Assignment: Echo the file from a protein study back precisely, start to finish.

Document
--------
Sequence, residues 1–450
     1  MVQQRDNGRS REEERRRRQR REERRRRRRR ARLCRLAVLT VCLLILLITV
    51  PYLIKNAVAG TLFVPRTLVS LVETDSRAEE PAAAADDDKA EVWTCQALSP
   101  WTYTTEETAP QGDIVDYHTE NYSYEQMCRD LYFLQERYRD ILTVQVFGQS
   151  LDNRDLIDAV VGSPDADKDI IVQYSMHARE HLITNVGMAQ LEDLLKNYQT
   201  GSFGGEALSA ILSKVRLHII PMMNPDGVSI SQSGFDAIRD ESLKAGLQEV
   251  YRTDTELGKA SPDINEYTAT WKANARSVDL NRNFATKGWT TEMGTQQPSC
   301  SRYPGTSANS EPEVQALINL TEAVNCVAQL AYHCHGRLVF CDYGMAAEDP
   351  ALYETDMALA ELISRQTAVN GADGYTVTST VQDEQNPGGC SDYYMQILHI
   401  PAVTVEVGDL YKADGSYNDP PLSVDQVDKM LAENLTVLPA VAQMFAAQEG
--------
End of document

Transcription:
Sequence, residues 1–450
     1  MVQQRDNGRS REEERRRRQR REERRRRRRR ARLCRLAVLT VCLLILLITV
    51  PYLIKNAVAG TLFVPRTLVS LVETDSRAEE PAAAADDDKA EVWTCQALSP
   101  WTYTTEETAP QGDIVDYHTE NYSYEQMCRD LYFLQERYRD ILTVQVFGQS
   151  LDNRDLIDAV VGSPDADKDI IVQYSMHARE HLITNVGMAQ LEDLLKNYQT
   201  GSFGGEALSA ILSKVRLHII PMMNPDGVSI SQSGFDAIRD ESLKAGLQEV
   251  YRTDTELGKA SPDINEYTAT WKANARSVDL NRNFATKGWT TEMGTQQPSC
   301  SRYPGTSANS EPEVQALINL TEAVNCVAQL AYHCHGRLVF CDYGMAAEDP
   351  ALYETDMALA ELISRQTAVN GADGYTVTST VQDEQNPGGC SDYYMQILHI
   401  PAVTVEVGDL YKADGSYNDP PLSVDQVDKM LAENLTVLPA VAQMFAAQEG